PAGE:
Gerard Manley Hopkins and Newspaper Time

The WreTurner Storm at Sea.jpgck of Faith

Is Gerard Manley Hopkins's The Wreck of the Deutschland  “the first telegraphically conditioned poem in English”?[1] Walter Ong in this description is referring quite literally to the telegraphed Times reports of the shipwreck which Hopkins consulted during the writing.  And Jason Rudy has more recently added to the idea by suggesting that “electricity was an especially helpful figure for Hopkins in negotiating what he saw to be an uneasy relationship between the spiritual and material worlds.”[2] 

In 1875 and 1876 Gerard Manley Hopkins composed the first of his ‘sprung rhythm’ poems, The Wreck of the Deutschland, marking the stresses on his manuscript with blue chalk.  In his account of the ‘happy wreck’ of the Deutschland, a ship which foundered and sank off the Thames Estuary in December 1875, drowning, among others, five Franciscan nuns, he construed the oceanic  both as a site of accident and contingency and simultaneously as a site of divine providence.[3]  Isobel Armstrong claims that every Hopkins poem “must fuse thinking and feeling or, if possible, thought and sensation in an irreducibly concrete configuration of particulars seized as epiphany and oneness.”[4]  But the poet of the “piebald” and the dynamic “inscape” is perhaps less keen to achieve a ‘fused’ unity of form than this might suggest.  In fact, Hopkins’s idea of “instress” demands a wilful attention to the impossible contradiction and incommensurability of spirit and matter even at the instant in which they might appear to meet.  

Hopkins imagines the deep ocean itself as a site which can both unbind the bodily and mediate between radically opposite forms of ‘history.’  The nun “Drowned, and among our shoals” is absorbed into the literal sea as a floating corpse among the fish, and into the spiritual sea as a part of the holy communion of souls.  Hopkins strains to invent a new form and a new rhythm for his poem by channelling the natural force of a storm at sea and in The Wreck of the Deutschland he forges a language which is designed to pivot excruciatingly between disaster and salvation.  So the snowstorm which drove the ship onto a sandbar on a December night in 1875 is twice vividly materialised. First:“Wiry and white-fiery and whirlwind-swivellèd snow/Spins to the widow-making unchilding unfathering deeps.”  And then once more:“Thou martyr-master: in thy sight/Storm flakes were scroll-leaved flowers, lily showers –sweet heaven was astrew in them.”  The contradiction stands unresolved.  The storm was terrible and disastrous, “widow-making.” Yet at the same time the storm creates a mediation between heaven and earth (represented by the trope of lightning elsewhere in the poem). “Is the shipwrack then a harvest?” asks the poet.  It seems a profane sentiment, but only because it flips spatial, temporal and eternal categories.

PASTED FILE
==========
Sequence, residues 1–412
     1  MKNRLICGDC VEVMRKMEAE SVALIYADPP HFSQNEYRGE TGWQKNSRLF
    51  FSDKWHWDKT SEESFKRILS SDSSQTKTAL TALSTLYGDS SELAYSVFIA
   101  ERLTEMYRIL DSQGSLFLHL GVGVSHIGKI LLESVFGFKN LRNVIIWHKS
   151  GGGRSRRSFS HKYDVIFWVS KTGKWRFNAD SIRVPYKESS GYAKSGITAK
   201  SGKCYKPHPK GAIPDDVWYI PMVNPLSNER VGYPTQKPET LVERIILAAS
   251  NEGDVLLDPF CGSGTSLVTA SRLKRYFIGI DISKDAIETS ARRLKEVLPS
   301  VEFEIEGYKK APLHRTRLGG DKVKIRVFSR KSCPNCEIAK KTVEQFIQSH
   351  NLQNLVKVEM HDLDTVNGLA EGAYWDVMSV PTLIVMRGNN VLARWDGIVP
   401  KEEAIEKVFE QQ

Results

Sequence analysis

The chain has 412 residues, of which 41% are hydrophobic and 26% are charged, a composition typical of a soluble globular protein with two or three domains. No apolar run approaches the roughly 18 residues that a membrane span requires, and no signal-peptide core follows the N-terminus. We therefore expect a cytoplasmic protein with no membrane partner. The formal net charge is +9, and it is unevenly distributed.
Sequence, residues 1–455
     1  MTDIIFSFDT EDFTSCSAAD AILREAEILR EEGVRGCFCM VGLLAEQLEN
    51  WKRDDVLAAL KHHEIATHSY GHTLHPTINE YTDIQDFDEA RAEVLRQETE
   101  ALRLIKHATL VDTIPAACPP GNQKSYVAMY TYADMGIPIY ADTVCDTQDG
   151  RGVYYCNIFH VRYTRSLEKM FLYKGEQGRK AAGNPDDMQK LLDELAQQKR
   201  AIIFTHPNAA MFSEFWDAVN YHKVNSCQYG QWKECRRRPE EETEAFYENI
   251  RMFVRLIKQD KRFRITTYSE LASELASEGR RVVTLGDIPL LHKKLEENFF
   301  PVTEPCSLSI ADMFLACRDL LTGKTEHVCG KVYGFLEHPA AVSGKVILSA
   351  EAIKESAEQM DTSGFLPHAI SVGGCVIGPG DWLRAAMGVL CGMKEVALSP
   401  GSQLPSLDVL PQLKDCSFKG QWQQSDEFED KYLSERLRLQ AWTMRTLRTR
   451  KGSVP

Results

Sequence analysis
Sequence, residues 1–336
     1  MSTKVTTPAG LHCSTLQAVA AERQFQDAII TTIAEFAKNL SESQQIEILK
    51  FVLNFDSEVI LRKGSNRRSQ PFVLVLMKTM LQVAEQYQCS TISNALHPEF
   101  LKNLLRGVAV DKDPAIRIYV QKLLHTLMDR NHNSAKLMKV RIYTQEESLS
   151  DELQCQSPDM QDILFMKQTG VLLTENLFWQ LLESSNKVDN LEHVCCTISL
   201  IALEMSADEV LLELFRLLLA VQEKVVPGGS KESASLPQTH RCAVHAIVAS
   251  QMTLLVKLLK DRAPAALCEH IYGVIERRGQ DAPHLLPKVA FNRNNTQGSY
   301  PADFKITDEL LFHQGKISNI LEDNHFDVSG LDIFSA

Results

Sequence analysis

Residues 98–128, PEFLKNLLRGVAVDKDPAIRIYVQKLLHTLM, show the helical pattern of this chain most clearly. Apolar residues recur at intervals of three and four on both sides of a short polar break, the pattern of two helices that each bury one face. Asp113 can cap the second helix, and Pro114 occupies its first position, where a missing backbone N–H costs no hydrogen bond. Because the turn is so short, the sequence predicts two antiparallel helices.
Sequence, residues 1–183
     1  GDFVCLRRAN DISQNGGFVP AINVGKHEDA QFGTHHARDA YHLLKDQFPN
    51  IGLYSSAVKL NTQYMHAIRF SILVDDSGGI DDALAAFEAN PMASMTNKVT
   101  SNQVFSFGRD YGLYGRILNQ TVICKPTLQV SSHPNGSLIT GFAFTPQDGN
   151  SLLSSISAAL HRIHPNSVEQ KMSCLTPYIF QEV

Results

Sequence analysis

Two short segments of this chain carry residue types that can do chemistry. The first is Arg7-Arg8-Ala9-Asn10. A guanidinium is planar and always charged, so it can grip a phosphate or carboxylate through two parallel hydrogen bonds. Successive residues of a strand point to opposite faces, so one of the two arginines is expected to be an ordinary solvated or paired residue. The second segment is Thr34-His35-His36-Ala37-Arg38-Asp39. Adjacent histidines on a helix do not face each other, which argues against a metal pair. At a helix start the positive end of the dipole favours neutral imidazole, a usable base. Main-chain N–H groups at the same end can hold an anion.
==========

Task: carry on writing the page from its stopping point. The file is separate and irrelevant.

Hopkins forces both newspaper time and eschatological time into the very fabric of his poem in order to show the difficulties of apprehending God in the world:  “Since, tho’ he is under the world’s splendour and wonder,/His mystery must be instressed, stressed:” “[H]e is under”: The Wreck of the Deutschland organises itself in space between the depths of the sea and the heights of the skies to create a moment when heaven connects to earth, and what is both ‘under’ the world, but also exceeds the world, can become briefly manifest.  In other words, the poem uses space to talk about time, so that the sea resembles Byron’s sea inasmuch as Hopkins uses the depths of the sea to create a different scale of temporality which can unbind human history and reveal the smallness of the present in the perspective of both past and future. 

This is an edited extract from my forthcoming essay, 'At Sea' in Time Travellers: Victorian Perspectives on the Past, eds. Sadiah Qureshi and Adelene Buckland, (Chicago: Chicago University Press, forthcoming early 2016).

Illustration:  Joseph Mallord William Turner (1775-1851) Snow Storm - Steam-Boat off a Harbour's Mouth exhibited 1842.  Tate Britain.  Accepted by the nation as part of the Turner Bequest 1856.

[1] Walter J. Ong, Hopkins, Self and God: The Alexander Lectures 1981 (Toronto: University of Toronto Press, 1986), p.50.

[2]  Jason R. Rudy, Electric Meters: Victorian Physiological Poetics (Ohio: Ohio University Press, 2009), p.130.

[3] The poem’s epigraph is: “To the happy memory of five Franciscan Nuns exiled by the Falk Laws drowned between midnight and morning of Dec. 7th. 1875

[4] Isobel Armstrong, Language as Living Form in Nineteenth-Century Poetry (Brighton, Sussex: Harvester Press, 1982), p.15. 


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